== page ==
A grave is usually where a dead body lies, but not this grave. This grave is full-bodied, alcoholic and tasty and, like the green funeral movement, it’s working towards becoming as natural as possible.
I stumbled across GilGraves wine in central Victoria, not far from where it’s grown, and loved the simplicity of its label and the way it’s made. It’s perfect for a ‘death over dinner‘ scenario or perhaps an upcoming Halloween party. And if you’re unsure about having that third glass of wine perhaps the label might help solve your dilemma: “Life is not a dress rehearsal!”
Ken Gilchrist’s vineyard is at Axedale, near Bendigo, where he grows four grape varieties with his wife Kaye Graves. (Hence the GilGraves name). Developing the vineyard in 2011, GilGraves now has 2,550 vines.
Ken and Kaye produce what’s called “low intervention” or natural wine. Their grapes are grown in an organic vineyard and during the wine-making process, nothing is added except for a bit of sulphur just prior to bottling.
“So what you’re tasting is basically just the fruit, rather than oak or additives that are usually introduced into wine. It’s not wine you would cellar, it’s wine you open and enjoy!” he said.
“It’s going back to the early wine-making practices of the French, Italian and Spanish centuries ago when they didn’t have any chemical additives.”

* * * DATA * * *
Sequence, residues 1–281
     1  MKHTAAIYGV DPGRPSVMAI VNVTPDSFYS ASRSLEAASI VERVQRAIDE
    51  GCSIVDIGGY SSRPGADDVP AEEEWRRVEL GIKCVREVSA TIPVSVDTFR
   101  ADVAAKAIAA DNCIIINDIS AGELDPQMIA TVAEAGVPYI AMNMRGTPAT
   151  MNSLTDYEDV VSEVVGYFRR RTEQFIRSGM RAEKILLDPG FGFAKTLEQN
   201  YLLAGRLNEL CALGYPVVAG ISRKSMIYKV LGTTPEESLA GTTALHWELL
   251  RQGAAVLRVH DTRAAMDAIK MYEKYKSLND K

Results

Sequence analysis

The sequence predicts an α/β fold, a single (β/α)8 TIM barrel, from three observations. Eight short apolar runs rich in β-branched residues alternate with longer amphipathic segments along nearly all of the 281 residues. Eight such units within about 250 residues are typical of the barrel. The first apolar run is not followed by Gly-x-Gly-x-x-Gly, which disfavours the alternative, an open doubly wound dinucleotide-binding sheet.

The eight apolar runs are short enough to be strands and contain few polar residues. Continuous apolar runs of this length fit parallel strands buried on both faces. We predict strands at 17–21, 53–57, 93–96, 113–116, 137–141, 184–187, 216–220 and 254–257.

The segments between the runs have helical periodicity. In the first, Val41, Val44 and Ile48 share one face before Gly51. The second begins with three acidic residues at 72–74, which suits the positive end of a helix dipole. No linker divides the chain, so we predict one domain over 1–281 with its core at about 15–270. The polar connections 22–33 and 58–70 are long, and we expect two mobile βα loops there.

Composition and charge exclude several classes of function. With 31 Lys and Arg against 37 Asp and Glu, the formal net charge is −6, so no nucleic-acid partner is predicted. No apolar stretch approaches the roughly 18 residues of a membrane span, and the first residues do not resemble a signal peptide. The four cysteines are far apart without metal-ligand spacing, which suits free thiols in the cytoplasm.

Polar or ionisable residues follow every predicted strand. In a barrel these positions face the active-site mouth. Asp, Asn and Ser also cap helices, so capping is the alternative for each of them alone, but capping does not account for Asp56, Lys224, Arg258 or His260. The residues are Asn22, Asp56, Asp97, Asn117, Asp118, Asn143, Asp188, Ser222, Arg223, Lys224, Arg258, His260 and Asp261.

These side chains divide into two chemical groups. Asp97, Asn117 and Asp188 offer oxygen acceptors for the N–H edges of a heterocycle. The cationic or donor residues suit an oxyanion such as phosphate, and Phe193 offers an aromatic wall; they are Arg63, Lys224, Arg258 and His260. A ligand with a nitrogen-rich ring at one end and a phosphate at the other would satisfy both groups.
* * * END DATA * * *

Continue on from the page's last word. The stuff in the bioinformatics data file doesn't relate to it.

Growing grapes organically isn’t without its challenges. Ken works hard to control any mildew without chemicals and grazes Dorper sheep among the vines to keep any weeds in check.
More than a fad.
Back-to-basics wine-making has only emerged in Australia in recent years and Ken believes conservative wine critics have slowly come around to the idea of natural wines, realising it’s not just a fad.
He said it’s the young people who are driving demand for the emerging low intervention wine market because they take a real interest in the origins of the food and drink they’re consuming.
So, just as there’s a growing demand for a more natural funeral where no embalming chemicals are put into the body or lacquers and glues used to make the coffin, there’s also an increasing demand for simpler and natural wines. It seems Australians are keen to get back to basics. And that’s worth raising a glass to! Cheers!